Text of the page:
Turn Using Knowledge[This article is part of the Turntables series]
This is the first article of my site’s first series. I’m so excited about this and hope that it will encourage you in Christ. The Bible is the sole, infallible rule of faith for us. One of the most common themes in Scripture is repentance. This word describes someone turning from sin, to Christ. Picture walking in a straight line, stopping, then turning 180° to start walking in the other direction. You’ve just repented. The whole council of Scripture teaches that all those who want to truly follow Jesus must repent. This will be the subject of the entire series, Turntables.
Within each article of this blog series, I’ll be using Scripture to write, and all seven articles will deal with different Bible passages that involve repentance. They’re certainly not the only places that repentance is found; however, they are undoubtedly important passages that every Christian should be familiar with.
When I think about the subject of biblically turning to Christ for salvation, James 2:14-20 is easily a passage to consider.
What good is it, my brothers, if someone says he has faith but does not have works? Can that faith save him? If a brother or sister is poorly clothed and lacking in daily food, and one of you says to them, “Go in peace, be warmed and filled,” without giving them the things needed for the body, what good is that? So also faith by itself, if it does not have works, is dead. But someone will say, “You have faith and I have works.” Show me your faith apart from your works, and I will show you my faith by my works. You believe that God is one; you do well. Even the demons believe—and shudder! Do you want to be shown, you foolish person, that faith apart from works is useless? (ESV)
Needless to say, lots of debate can be found on this passage of Scripture. I don’t care to get into all of them. My simplified belief is that we are saved by grace, through faith, in Christ alone. We are totally saved, not by anything we have accomplished, but by Christ’s work for us.
Here, the Apostle James is not teaching that we are saved by our good works, but our good works show our faith in Christ. It’s similar to Paul’s instruction to “work out your salvation” (Philippians 2:12). He isn’t saying your salvation is dependent upon you. We know that it is a total gift from God. You have it on the inside because God put it there. Now make sure it shows up on the outside.
Furthermore, faith is never alone. I love how BFM 2000 puts it, “Repentance and faith are inseparable experiences of grace.” It is always producing good works and fruitful acts. Faith and works aren’t to be separated from one another because they go together. It is helpful to differentiate them, but not isolate them. The misunderstanding I often see is that many believe you don’t have saving faith unless you get some good works accomplished. That is not the way to possess saving faith; it can only be received from God, by his grace.
Now, the truth is, a person’s faith that does no good is no good. The Apostle James said that even demons merely understand who God is. Did you know that demons believe in God? They do. In fact, they may have more understanding than we do, if you think about it. Regardless of how much we or demons know about God, knowledge doesn’t really do anything by itself.
So, what sets us apart from demons? A relationship with God. How much would it benefit me to simply know about my wife, Macey, without a relationship between us? Knowledge of her would not amount to anything by itself—it would be useless. A right relationship between us is what makes all the difference.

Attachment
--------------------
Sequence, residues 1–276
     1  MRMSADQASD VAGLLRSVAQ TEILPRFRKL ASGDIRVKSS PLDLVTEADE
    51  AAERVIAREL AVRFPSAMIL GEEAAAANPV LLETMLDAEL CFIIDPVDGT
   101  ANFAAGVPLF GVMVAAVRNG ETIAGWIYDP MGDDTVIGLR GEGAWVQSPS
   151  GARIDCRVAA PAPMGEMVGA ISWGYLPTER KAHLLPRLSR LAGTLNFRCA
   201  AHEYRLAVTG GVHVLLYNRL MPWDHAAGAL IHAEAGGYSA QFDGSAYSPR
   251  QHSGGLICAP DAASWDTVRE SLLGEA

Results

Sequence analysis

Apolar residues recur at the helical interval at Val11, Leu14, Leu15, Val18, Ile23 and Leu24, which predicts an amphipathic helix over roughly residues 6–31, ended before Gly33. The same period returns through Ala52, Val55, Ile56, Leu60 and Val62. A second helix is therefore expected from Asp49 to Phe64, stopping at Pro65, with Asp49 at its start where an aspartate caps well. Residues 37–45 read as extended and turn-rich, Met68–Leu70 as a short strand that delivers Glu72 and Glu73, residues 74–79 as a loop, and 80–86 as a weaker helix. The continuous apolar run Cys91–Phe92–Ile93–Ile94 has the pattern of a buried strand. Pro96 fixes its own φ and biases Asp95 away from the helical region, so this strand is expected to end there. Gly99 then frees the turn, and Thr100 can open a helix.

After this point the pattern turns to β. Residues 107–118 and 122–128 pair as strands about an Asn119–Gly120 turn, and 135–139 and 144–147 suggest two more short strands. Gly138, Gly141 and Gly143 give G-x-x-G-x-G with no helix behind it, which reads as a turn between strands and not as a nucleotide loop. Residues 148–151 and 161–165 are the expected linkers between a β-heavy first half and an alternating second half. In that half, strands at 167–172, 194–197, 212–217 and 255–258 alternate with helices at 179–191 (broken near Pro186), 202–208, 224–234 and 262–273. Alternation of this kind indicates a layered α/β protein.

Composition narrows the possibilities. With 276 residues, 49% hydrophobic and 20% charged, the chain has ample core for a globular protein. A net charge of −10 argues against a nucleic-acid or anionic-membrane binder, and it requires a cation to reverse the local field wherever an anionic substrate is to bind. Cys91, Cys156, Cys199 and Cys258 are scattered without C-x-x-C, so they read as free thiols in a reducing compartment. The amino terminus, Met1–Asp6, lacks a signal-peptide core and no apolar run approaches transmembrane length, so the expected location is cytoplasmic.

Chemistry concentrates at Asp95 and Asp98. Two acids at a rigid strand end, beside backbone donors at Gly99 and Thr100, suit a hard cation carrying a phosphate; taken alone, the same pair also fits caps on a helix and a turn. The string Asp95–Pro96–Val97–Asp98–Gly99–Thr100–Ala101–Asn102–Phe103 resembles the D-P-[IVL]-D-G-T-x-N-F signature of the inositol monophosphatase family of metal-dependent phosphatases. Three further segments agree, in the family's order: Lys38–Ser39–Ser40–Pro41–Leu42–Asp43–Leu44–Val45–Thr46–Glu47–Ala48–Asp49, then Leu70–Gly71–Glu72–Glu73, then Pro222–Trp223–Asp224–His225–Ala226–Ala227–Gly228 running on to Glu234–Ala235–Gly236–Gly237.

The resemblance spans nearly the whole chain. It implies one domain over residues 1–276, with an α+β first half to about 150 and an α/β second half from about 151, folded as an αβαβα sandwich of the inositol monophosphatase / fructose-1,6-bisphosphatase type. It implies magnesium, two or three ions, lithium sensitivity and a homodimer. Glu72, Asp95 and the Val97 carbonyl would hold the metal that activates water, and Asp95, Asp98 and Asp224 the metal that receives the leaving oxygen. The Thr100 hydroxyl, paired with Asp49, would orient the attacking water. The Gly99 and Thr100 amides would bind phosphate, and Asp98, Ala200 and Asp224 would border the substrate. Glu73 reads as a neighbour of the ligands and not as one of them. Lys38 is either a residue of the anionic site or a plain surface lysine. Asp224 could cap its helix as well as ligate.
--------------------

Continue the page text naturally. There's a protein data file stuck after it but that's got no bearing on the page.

With that being said, my main point here is that knowledge should deepen the relationship that we have with God. We should turn to God, from our sin, using the knowledge that God gives us. By grace, we have been made right with God through faith in Jesus Christ. My relationship with God was accomplished for me—given to me—because Jesus, as the final sacrifice for sins, closed the gap that existed between me and God.
Demons don’t have the opportunity to be in right relationship with God through Jesus Christ. We do.
You see, demons have knowledge of God and tremble; we have knowledge of God and repent. There must be a turning in the life of every Christian—a turning in heart, soul, mind, and strength. What is God asking you to turn from? What do you need to walk away from? How can you be heading in the direction of God instead of death?
Don’t be like the demons, who only possess simple knowledge of God. May further understanding of God lead you to a more zealous repentance.
What good (ophelos) is it to say that you just believe that God exists? What profit or advantage do you have to acknowledge that God is who he says he is? It will not help you to believe in God as the demons do. That kind of faith will not save you. This kind of faith is by itself; it’s dead.
On the other hand, a faith which God has been planted inside the believer is a true faith. The faith that comes from God is an alive faith. It’s a faith which manifests itself also on the outside. It’s a faith that cares for people in need, disciplines the body, and produces good works.
If you are someone who is being drawn to God and desires a relationship with him, I invite you to pray to him and read his Word. There is no one too far gone; God’s arm is not short. He is able to reach you and forgive you. Don’t settle for knowing about God. You need to know him. He desires to have this relationship with you.
May the knowledge that God reveals to you manifest itself into repentance. Knowledge that remains knowledge is what the demons have. We are given the opportunity to grow deeper in our relationship with God using knowledge of him. May this encourage you in your walk. May it spur you on to love and good deeds.
View another Turntables article here.